College Student Auto Loan With No Credit

by Vicky
(Arlington, Texas, USA)

Question: My daughter needs help getting a college student auto loan with no credit. She has been living at home, working and paying her way through college. She has been a server at a popular sushi restaurant for almost 4 years now.

She needs a car quickly, but has no prior credit history. She made 20,000 last year working part time and has no other financial obligations, but no real cash to put down either.

She loaned a large amount of money to her brother who is getting married in a month. Can you direct us as to the best we can do and how to do it?

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Answer: Hi Vicky,

A college student auto loan with no credit history can be a bit tricky especially with little to no money down. Tricky doesn't mean impossible, but there are a few factors that will be important to her approval.

  1. Her Credit

    Are you sure that she has no credit? She may have never applied for credit, but if she owes anyone money (medical collection, cell phone collection, etc.) it will make this all the more challenging with no positive credit to offset the negative.

  2. Local Credit Unions

    Her best bet with no credit and limited down payment will be a local credit union. They may or may not have a college student auto loan program that will loan money even with no credit

    If they do have a program like this, then her steady job time and good part time income might allow her to get approved for roughly a $6,000-$10,000 loan in the 14-18% range.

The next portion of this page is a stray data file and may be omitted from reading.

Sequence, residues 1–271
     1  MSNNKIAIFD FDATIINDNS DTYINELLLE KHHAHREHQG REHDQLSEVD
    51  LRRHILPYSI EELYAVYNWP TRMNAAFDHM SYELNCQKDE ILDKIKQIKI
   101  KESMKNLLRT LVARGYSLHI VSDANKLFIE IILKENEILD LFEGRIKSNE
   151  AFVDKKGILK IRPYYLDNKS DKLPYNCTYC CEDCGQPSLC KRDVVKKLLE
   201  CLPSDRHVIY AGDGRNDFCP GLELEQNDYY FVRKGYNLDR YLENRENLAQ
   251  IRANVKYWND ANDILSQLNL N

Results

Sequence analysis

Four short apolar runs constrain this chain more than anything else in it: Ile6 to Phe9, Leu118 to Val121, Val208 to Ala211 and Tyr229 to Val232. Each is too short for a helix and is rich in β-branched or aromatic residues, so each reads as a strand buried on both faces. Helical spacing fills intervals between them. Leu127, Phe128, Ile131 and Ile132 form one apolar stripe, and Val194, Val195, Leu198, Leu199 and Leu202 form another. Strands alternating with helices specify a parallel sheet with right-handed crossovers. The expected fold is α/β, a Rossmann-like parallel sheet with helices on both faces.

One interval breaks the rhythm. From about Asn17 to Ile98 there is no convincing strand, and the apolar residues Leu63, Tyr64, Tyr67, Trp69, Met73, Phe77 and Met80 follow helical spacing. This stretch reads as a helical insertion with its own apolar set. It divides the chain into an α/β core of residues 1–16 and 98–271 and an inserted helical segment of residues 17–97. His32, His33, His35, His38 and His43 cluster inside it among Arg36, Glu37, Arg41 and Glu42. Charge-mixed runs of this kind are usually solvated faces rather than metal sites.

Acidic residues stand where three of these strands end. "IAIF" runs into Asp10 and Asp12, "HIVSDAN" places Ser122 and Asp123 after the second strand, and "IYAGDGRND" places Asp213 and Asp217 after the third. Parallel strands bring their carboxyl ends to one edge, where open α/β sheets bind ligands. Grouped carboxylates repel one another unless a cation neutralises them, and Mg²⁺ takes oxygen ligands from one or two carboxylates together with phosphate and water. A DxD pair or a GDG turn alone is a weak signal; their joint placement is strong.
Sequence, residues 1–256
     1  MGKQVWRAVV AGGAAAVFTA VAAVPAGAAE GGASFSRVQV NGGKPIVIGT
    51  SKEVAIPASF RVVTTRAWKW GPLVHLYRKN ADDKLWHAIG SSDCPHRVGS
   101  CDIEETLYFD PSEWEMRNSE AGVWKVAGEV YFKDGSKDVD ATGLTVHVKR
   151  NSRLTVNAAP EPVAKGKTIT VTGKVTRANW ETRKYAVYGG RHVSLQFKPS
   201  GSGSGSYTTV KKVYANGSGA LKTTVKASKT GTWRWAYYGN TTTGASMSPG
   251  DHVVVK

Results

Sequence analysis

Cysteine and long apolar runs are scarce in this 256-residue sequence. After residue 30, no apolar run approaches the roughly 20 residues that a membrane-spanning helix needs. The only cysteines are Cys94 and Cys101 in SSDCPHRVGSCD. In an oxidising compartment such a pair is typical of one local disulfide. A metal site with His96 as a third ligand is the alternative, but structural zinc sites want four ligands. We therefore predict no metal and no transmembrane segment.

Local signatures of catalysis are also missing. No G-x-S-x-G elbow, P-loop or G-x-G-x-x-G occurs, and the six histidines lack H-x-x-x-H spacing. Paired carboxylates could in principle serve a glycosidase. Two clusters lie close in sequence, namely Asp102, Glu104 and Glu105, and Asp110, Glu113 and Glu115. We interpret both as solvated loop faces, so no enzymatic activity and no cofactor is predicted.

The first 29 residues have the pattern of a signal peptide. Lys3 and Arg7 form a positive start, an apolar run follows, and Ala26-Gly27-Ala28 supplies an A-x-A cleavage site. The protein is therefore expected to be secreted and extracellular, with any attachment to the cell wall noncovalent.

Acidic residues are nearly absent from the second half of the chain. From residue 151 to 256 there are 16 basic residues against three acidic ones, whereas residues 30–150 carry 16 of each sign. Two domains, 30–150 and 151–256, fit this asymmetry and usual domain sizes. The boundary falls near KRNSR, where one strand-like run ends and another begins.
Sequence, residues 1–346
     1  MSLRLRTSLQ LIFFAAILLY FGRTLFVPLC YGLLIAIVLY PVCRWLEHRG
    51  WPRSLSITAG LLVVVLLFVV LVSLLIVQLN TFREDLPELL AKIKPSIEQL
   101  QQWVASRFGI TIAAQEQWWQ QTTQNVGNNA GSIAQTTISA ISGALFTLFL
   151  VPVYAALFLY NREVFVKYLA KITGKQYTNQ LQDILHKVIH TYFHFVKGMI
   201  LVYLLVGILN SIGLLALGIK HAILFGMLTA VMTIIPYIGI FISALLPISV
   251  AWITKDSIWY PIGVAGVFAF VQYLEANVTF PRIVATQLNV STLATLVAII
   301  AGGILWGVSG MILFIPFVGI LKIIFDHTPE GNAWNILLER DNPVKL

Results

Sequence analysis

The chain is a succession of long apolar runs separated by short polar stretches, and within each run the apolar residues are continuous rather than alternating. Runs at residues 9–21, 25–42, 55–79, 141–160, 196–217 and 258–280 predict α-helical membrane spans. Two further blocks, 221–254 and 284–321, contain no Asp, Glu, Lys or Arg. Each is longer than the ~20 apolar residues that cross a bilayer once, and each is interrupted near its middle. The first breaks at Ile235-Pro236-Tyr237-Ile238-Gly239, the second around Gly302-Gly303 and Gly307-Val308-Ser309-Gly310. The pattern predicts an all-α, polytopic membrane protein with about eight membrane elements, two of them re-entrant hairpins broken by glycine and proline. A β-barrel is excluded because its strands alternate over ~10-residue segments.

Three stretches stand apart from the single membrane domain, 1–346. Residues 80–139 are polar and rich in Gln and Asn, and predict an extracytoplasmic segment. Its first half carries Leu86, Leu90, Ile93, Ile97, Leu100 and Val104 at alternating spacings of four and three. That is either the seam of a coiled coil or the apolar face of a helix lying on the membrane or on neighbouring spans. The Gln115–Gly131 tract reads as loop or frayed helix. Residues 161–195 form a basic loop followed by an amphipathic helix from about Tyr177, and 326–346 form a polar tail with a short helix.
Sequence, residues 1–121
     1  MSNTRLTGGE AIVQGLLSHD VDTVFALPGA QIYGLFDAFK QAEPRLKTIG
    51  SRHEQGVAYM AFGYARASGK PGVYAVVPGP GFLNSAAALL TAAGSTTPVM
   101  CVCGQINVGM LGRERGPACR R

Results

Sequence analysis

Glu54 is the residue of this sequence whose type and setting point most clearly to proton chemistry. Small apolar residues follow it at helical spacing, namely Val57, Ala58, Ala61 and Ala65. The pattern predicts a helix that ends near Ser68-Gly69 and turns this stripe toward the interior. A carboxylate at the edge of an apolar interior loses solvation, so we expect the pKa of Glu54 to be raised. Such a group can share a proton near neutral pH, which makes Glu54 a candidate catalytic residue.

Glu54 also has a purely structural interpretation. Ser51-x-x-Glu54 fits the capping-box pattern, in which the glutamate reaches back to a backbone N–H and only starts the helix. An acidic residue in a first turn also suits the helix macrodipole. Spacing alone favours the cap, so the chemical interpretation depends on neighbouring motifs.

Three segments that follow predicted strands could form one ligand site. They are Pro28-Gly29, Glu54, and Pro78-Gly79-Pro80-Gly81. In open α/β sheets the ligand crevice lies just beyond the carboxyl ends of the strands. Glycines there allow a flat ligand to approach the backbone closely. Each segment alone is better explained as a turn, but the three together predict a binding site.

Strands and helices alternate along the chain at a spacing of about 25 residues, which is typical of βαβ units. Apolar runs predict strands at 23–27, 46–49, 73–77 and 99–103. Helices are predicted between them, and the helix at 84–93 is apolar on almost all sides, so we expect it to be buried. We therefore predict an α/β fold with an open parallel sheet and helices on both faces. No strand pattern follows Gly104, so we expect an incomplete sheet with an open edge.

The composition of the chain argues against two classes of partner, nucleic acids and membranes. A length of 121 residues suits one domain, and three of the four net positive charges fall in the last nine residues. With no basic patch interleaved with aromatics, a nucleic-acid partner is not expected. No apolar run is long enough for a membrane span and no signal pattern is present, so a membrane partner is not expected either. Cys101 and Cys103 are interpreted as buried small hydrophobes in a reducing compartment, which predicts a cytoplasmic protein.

3. Is Her Income Provable

    Nearly 100% of all credit unions are going to ask her to prove her income under the circumstances and I know with servers sometimes tips are not reported and just pocketed as cash.

    Most lenders will accept paystubs, tax returns and/or bank statements to prove income.

  4. Can Someone Cosign

    If there is a family member with above average credit that can cosign for her in this case that would be a big help to overcome the low down payment and no credit...It's not always necessary though, but helpful.

    If someone was able to consign for her, they'd probably only have to stay on the loan for 12-18 months in order to help establish some credit history and then she could look to refinance the loan on her own.

To sum this up, check with some local credit unions and ask what type of college student auto loan programs they might have or no credit auto loan programs available.

If possible, have her try and save $1000 to $1500 (or borrow from a friend or family member) to use as a down payment. This will show some commitment on her part and will increase her chances for an approval.

Hope this helps,

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